Dutch coalition talks remain deadlocked | Ralph-Lauren

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Talks to form a new Dutch government have been postponed until mid-August as conservative caretaker Prime Minister Mark Rutte and the leader of the second-largest party began writing a draft coalition pact.

Rutte and Sigrid Kaag, the leader of the centre-left D-66, are expected to put together a framework for the country’s COVID-19 recovery and climate policies and will then seek support from at least two other parties to achieve a majority in parliament.

Rutte, one of Europe’s longest-serving prime ministers, had hoped to quickly embark on his fourth term in office after his VVD Party won general elections in March with 24 per cent of the vote.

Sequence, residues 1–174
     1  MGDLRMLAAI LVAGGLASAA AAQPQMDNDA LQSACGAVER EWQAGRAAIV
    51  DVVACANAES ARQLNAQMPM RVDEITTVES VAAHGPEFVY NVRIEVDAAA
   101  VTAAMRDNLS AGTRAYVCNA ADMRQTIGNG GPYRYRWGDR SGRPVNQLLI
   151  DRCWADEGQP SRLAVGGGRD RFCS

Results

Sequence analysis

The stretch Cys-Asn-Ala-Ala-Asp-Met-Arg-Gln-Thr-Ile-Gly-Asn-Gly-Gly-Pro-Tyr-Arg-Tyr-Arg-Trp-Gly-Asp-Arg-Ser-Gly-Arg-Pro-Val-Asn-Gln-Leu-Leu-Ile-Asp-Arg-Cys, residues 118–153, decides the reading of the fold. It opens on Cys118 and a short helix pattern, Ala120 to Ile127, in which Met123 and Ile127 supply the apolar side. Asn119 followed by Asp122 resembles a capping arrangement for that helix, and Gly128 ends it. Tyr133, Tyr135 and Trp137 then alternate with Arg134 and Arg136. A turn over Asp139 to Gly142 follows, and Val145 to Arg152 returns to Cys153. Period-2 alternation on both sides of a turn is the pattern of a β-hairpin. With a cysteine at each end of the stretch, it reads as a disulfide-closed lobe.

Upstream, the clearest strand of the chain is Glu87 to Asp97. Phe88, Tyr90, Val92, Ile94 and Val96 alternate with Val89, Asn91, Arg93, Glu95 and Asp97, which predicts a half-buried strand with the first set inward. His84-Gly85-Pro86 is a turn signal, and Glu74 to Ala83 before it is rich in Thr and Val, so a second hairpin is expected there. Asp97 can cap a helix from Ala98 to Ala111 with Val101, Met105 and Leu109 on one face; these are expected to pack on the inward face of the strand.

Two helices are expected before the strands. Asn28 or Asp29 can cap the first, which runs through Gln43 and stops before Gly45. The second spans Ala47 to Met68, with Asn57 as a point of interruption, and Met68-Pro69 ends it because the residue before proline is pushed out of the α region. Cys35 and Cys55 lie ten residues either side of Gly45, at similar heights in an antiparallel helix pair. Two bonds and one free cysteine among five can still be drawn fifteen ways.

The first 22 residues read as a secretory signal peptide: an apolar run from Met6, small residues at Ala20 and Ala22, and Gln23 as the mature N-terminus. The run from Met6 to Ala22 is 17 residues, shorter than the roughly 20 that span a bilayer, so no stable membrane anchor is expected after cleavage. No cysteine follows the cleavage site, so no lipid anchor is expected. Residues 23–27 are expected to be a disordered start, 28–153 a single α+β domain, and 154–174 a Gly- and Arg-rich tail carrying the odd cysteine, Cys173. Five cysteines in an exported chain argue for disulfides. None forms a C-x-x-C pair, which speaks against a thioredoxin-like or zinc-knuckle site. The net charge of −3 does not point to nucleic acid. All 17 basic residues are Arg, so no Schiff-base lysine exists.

But his position came under scrutiny days later after he was accused of lying over remarks made during talks to form a cabinet.

A patchwork political landscape means Rutte may fail to garner the parliamentary support he needs.

The likely third party in his coalition, the Christian Democrats, have also lost one seat since the election with influential lawmaker Pieter Omtzigt leaving the party to sit as an independent.

The record time taken for a Dutch government to be formed after an election is 225 days, for Rutte’s previous cabinet.

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